2013 Theatre Season
3 New Plays
2 Tempests, 2 Lears
8 Shakespeare Plays
plenty 5 Touring Productions
4 International Productions
The Globe continues to bustle in the world.
design Small Back Room The Shakespeare Globe Trust, a limited company registered in England and Wales No.1152238 and a registered charity No.266916. Shakespeare Globe Trading Limited registered charity in England and Wales No.997433.
ast year we invited the world to visit us, and who could have anticipated the sheer wild joy with which so many companies played within our wooden walls? The Globe to Globe festival was a defining moment for us, and for many of the companies that visited. It defined that live theatre remains one of the last best places for people to meet, celebrate and understand each other. And we went out to meet the world – touring from Romania to Shaftesbury Avenue to Mexico City, with our films extending our reach even further. We’re not quite putting a girdle around the earth in forty minutes yet, but hopefully we are keeping its conversation lively. We so adored the festival atmosphere that reigned during Globe to Globe that we resolved to maintain the same consistency of surprise through 2013. People have often said that the Globe is like a rock concert, or Glastonbury, and that sense of liveness and event can still thrill the blood, all the more so in an age that veers off towards the virtual. The plays this year share themes of enchantment, elation and extreme emotion. Our three principal Shakespeares, The Tempest, A Midsummer Night’s Dream and Macbeth, are his three plays which deal most directly with the supernatural. Spirits, fairies, ghosts and witches flit and fly through each play bringing euphoria or terror. Extreme narrative excitement pulsates through the three plays about Henry VI, Shakespeare’s most unabashed celebration of pure story. We are opening these three distinct plays in York, then touring them to theatres and battlefields, before bringing them with great pride into our Globe for the first time. Different shades of enchantment course through our new plays. Gabriel, by Samuel Adamson, celebrates the transporting power of music, as exemplified by the trumpet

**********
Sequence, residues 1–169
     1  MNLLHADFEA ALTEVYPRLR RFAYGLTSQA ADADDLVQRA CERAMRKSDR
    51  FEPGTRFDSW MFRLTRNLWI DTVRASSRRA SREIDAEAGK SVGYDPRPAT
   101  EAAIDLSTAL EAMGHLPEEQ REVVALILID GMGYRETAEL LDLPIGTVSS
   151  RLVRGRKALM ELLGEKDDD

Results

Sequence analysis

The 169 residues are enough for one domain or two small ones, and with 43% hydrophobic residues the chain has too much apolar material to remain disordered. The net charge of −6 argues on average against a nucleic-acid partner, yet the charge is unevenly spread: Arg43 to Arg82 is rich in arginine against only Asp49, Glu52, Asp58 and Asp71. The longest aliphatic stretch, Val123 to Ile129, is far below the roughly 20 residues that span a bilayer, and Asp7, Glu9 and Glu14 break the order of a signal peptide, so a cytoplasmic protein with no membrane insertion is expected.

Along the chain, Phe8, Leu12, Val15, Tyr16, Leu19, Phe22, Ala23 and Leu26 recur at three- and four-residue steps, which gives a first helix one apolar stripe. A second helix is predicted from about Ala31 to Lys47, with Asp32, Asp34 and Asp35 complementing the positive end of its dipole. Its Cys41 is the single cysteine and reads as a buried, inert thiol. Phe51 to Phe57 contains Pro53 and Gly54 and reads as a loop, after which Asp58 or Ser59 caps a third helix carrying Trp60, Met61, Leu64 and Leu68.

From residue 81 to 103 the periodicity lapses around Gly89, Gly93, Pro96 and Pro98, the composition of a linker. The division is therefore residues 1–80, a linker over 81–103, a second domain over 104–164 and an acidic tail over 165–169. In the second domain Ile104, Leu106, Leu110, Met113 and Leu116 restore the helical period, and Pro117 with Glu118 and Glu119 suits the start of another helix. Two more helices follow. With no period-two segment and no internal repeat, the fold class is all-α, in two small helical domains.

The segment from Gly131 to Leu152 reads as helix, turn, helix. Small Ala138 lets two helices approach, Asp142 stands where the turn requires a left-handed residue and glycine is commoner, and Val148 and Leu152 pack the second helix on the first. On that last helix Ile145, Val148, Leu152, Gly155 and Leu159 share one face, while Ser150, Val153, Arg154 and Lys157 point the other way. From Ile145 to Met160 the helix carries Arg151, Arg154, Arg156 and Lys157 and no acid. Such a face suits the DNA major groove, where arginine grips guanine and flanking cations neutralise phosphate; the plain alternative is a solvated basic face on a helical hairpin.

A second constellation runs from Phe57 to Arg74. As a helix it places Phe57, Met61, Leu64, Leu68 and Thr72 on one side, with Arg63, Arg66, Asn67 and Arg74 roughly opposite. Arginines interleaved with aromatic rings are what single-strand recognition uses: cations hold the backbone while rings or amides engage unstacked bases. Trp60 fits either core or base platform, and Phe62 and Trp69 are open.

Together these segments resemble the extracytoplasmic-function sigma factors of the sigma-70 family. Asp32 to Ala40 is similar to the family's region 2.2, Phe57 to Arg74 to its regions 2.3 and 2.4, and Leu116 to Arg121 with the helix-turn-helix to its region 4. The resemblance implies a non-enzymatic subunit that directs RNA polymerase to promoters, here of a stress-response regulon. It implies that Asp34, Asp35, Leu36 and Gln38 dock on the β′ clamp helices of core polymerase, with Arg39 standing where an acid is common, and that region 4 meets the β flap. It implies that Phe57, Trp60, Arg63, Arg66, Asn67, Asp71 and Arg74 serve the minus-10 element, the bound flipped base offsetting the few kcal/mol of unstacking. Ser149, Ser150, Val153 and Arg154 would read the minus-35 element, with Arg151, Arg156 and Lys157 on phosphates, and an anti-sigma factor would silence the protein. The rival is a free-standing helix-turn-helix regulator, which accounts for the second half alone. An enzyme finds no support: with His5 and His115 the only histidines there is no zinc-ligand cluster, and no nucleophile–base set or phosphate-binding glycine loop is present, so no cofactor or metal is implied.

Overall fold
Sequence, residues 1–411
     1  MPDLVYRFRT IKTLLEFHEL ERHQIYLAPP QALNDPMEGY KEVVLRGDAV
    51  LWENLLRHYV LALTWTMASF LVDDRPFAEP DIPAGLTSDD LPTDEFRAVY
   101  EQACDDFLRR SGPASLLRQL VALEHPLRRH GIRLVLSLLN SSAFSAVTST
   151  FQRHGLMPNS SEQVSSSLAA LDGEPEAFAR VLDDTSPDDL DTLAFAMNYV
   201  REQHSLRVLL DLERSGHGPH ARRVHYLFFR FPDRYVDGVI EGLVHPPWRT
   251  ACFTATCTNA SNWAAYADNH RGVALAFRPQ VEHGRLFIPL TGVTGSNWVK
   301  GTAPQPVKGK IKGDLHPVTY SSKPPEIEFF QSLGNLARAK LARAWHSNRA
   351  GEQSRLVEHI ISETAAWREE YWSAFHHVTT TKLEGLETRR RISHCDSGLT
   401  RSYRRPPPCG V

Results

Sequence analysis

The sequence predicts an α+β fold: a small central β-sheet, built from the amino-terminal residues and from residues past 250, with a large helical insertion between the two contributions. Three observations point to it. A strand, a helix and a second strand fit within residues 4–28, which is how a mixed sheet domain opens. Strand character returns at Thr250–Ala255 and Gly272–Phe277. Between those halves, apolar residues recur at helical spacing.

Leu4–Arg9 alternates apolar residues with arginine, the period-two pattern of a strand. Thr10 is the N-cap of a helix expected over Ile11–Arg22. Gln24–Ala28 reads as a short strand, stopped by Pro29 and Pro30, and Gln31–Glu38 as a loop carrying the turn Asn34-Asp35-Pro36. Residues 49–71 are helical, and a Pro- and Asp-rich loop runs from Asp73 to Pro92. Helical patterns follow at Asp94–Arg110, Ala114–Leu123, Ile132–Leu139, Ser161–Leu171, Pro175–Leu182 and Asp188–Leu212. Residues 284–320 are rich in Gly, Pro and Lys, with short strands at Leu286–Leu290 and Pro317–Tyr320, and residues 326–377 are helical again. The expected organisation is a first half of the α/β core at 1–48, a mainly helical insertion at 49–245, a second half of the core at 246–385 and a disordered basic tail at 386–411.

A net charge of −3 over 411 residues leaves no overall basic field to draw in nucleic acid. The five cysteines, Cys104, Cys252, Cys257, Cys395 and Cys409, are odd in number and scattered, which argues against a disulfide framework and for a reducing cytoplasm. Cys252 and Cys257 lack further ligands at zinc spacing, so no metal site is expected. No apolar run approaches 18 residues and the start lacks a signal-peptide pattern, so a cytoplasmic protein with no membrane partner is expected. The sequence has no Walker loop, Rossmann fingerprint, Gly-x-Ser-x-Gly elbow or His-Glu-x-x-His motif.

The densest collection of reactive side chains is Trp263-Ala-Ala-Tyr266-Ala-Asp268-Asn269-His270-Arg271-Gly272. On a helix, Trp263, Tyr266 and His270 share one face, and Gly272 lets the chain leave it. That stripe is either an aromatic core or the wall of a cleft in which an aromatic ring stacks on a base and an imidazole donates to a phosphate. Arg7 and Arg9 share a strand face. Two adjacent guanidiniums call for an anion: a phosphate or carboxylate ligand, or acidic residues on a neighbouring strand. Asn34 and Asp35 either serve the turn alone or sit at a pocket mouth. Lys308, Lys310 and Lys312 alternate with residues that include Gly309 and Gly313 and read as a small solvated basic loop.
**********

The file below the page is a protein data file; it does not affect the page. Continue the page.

in the late seventeenth century, and as made manifest by the extraordinary Alison Balsom. Blue Stockings, by Jessica Swale, exalts the giddy intellectual delights of higher education, and the prejudice and myopia which denied them to one entire gender for so long. And The Lightning Child, from Ché Walker the author of The Frontline, riffs on the grand-daddy of plays about ecstasy, that celebration of healthy and deranging hysteria, The Bacchae by Euripides. Our two new small-scale tours, which are so large a feature of our summers now, both here and elsewhere, keep the season boiling with extreme despair in King Lear, and knockabout fun with The Taming of the Shrew. And to complete the festivities, and recapture some of the magic of the year past, we are delighted to be hosting again three of the most stellar Globe to Globe shows, Venus and Adonis; a feast of song and dance from South Africa; the most delightful As You Like It you will ever see from Georgia, and the most terrifying King Lear from Belarus Free Theatre. All this and Footsbarn too, retuning with their Indian Tempest. The exuberance and imagination with which these companies filled our auditorium proved the most massive tonic, and I urge you to see those shows on their return. All sorts of magic, and all sorts of enchantment, will always fill a Shakespearean theatre, and this year it promises to be in abundant supply. But nothing beats the natural and rough magic which occurs every time we open our doors, the magic of imagination and collaboration between our actors and you, our audience. Please come and enjoy these old and new stories afresh in 2013.
Dominic Dromgoole Artistic Director
The tempest P